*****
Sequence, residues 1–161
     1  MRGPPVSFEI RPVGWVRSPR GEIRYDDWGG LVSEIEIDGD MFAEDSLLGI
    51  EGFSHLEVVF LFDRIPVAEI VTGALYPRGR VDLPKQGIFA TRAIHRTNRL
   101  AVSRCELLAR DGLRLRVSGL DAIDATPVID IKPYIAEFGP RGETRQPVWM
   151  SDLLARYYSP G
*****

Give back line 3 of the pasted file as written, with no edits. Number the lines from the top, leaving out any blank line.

    51  EGFSHLEVVF LFDRIPVAEI VTGALYPRGR VDLPKQGIFA TRAIHRTNRL